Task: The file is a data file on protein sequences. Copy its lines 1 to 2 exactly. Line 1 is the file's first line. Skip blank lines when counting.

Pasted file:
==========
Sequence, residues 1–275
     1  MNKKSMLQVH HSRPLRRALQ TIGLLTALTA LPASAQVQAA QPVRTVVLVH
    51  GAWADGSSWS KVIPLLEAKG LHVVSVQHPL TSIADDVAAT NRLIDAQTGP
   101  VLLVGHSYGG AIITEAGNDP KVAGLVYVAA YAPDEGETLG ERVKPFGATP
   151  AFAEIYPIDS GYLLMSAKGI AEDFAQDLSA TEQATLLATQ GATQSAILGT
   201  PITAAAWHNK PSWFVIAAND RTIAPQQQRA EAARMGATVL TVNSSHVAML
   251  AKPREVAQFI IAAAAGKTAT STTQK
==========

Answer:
Sequence, residues 1–275
     1  MNKKSMLQVH HSRPLRRALQ TIGLLTALTA LPASAQVQAA QPVRTVVLVH